Diary of a Buddhist Cat – Page 2

This is Page 2 from the book Diary of a Buddhist Cat


Well, you can probably guess the rest. John saw me at the shelter and felt a Buddhist cat would fit the bill perfectly and so took me to adorn his house. He had obtained another cat, a female cat called Gemma, a few weeks earlier from the same shelter.

I should tell you a little about Gemma, but not too much because I don’t want to stop you reading. As I have explained I am a Buddhist cat or I believe I am, so you should imagine that a cloned version of me, a cloned version who wasn’t Buddhist but who was honest in their beliefs about other cats, wrote the following description. I don’t want you to say, he’s exaggerating, cats aren’t like that, no cat could be so nasty, revolting, appalling, unfriendly, hideous, sneering, anti-social, villainous, and nasty again – all at the same time. Just a little about Gemma. She’s a tyrant, she really is. She treats me with complete and utter contempt – me, the kindest, neatest, friendliest, softest cat you could ever wish to meet. Me, whose paws are always at 10-to-2 and pressed together, touching each other, with no manspread, as my mum taught me. I miss my mum. Gemma is contemptuous of me; she says I am fraternising with the enemy when I purr if John or Mary strokes me. Or if I jump on their laps to find a nice place to sleep for 16 hours or even 16 minutes.

Gemma had some kittens when she was younger, and they took them away from her. Her previous family used to live in a house, but when they moved to an apartment block, this place didn’t allow pets, not even cats, so they got rid of Gemma. She felt rejected and has taken that hard by the looks of it, but it’s not my fault, but she treats me like it is. I was rejected too; we have that in common. We could talk about our common experiences, but we don’t.

We have both experienced suffering, which as I’m sure the reader knows is one of the four Noble Truths (satya) of Buddhism, but truth is probably not the most accurate translation of the word ‘satya’. It would be better to say reality or real thing, so we are dealing with realities here, which the Buddha finally understood on the night of his awakening. The realities relate to suffering, the cause of suffering, the cessation of suffering, and the path to the cessation of suffering. When I say path, it’s not like the path from the front door to the garden gate, it’s longer than that, and the reason it’s longer is that it’s not just any old path, it’s the noble eightfold path – yes eightfold with lots of rights along the way: right view, right intention, right speech, right action, right livelihood, right effort, right mindfulness, and right concentration.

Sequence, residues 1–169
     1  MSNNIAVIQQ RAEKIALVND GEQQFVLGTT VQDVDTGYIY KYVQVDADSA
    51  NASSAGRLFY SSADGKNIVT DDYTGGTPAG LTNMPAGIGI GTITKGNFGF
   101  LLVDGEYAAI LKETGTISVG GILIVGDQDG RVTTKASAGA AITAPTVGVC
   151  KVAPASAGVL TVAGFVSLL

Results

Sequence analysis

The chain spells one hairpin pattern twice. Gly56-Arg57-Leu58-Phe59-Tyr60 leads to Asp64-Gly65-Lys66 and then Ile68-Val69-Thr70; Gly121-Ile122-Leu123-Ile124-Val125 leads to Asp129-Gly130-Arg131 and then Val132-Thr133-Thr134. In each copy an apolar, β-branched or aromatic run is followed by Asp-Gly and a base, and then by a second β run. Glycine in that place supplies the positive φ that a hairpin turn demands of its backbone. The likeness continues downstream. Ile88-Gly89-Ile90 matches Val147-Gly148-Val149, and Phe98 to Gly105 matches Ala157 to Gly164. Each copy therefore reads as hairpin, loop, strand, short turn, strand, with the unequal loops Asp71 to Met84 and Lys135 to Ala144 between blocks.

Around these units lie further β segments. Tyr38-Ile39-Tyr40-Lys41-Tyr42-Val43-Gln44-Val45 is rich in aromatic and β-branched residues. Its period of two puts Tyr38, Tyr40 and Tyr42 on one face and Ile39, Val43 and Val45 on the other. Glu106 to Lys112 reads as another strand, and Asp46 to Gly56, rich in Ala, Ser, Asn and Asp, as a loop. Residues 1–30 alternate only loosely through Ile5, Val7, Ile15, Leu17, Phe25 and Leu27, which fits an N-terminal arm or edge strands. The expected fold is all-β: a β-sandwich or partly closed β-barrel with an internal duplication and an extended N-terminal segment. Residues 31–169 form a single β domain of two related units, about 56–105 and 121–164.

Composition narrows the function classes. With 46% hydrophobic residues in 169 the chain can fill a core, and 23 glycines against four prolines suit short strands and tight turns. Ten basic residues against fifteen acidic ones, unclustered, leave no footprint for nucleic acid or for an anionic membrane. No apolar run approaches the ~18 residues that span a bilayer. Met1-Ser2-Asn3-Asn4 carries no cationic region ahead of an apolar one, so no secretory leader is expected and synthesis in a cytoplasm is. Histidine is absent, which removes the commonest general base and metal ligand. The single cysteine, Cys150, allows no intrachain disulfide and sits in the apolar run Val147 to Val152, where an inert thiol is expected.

Right view and right intention relate to wisdom, right speech, right action, and right livelihood relate to conduct, and the last three, right effort, right mindfulness, and right concentration, relate to meditation or my emotional state. Now, if I understand this correctly, these eight items are not stages, meaning I move from one to another, but they are all dependent on each other and define a complete way of living all at the same time. This is difficult for me to grasp but as long as these eight items are in keeping with things then I will get closer to the cessation of suffering. By Buddhist practice, we develop these eight items until we establish them as ‘right’. This is a gradual process, beginning with generosity, moving to good conduct, and ending in meditation. Basically, I try to treat all animate and inanimate objects with respect and kindness and then think about what I’ve done before I fall asleep, trying to pinpoint where I could have been more respectful or nicer.

I think I am a resilient cat, but I know I lack experience in life. When John brought me back from the cat shelter, I was in the human world and it was bright, noisy, and full of people saying, ‘What a lovely cat, what’s his name?’. I came back on the public transit system in a cat carrier, and I felt claustrophobic. I yowled the total time because I lacked experience about what to do. I yowl when I’m upset, and then when I am upset about my reaction, I yowl some more. I yowled a lot in those first few hours. But at least I didn’t poo myself in public. My mum would have been proud of me. I hope she still is. I wonder whether I could find her one day. I know orphan humans can look for their actual parents and I will have to investigate whether felines can too.


Please find my new landing page detailing my mystery books and my humour books here.

Published by Julian Worker

Julian was born in Leicester, attended school in Yorkshire, and university in Liverpool. He has been to 94 countries and territories and intends to make the 100 when travel is easier. He writes travel books, murder / mysteries and absurd fiction. His sense of humour is distilled from The Marx Brothers, Monty Python, Fawlty Towers, and Midsomer Murders. His latest book is about a Buddhist cat who tries to help his squirrel friend fly further from a children's slide.

Leave a Reply

Fill in your details below or click an icon to log in:

WordPress.com Logo

You are commenting using your WordPress.com account. Log Out /  Change )

Twitter picture

You are commenting using your Twitter account. Log Out /  Change )

Facebook photo

You are commenting using your Facebook account. Log Out /  Change )

Connecting to %s

%d bloggers like this: